Skewness

Skewness is the third centralized moment of a probability density function. It is meant to capture the asymmetry of a distribution. A symmetric distribution (such as the normal distribution) has skewness of zero.

A distribution with a thick right tail and a thin let tail has positive skewness (or will be right skewed), while the opposite is true for a distribution with negative skewness (or one that is let skewed).

Skewness has important ramifications for asset return distributions. Negative skewness is undesirable, since it implies that large, unexpected movements in the asset price are more likely to lead to large losses rather than large gains.

Positive skewness, on the other hand, is more attractive because it implies that large movements in the asset price are likely to lead to large gains. A symmetric distribution implies that large movements are equally likely to lead to large losses or large gains. Many hedge funds, unfortunately, have return distributions that are negatively skewed.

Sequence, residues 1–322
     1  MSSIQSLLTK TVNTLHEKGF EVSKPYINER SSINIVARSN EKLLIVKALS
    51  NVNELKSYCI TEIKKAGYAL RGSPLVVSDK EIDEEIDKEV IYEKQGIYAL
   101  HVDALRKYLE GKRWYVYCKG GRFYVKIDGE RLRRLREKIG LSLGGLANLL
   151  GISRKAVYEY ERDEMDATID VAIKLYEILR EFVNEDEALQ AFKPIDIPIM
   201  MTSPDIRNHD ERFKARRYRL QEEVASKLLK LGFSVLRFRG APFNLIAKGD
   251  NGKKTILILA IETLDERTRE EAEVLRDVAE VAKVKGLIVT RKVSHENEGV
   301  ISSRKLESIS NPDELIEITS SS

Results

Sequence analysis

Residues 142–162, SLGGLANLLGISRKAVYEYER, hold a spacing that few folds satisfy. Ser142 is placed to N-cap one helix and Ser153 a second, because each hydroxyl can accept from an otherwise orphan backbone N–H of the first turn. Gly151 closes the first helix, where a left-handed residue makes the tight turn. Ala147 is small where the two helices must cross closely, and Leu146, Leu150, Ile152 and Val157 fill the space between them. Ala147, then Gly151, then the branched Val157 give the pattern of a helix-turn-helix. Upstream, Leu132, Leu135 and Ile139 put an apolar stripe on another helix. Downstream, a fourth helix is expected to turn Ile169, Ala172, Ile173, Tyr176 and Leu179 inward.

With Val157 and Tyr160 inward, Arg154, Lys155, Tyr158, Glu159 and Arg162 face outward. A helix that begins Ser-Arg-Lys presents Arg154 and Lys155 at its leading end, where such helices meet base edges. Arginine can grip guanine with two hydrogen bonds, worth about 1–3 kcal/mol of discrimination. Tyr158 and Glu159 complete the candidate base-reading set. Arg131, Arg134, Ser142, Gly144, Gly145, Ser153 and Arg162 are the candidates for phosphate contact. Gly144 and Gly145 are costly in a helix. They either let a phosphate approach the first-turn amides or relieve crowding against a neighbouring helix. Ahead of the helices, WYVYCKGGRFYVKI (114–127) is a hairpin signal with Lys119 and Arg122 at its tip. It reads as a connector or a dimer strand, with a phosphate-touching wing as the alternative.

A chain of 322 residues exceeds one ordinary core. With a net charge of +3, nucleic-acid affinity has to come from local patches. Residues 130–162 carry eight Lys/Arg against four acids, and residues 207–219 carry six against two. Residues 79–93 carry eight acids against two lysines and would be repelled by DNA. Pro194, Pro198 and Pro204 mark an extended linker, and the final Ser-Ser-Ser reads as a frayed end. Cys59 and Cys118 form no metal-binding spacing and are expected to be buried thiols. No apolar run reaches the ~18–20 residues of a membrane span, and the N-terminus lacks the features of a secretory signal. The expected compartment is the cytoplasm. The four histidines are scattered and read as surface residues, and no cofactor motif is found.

Black–Scholes implied volatilities often exhibit a "skew" when plotted over time. One possible explanation for the volatility skew is that asset prices exhibit skewness, which the normal distribution does not allow.

Skewness
Skewness
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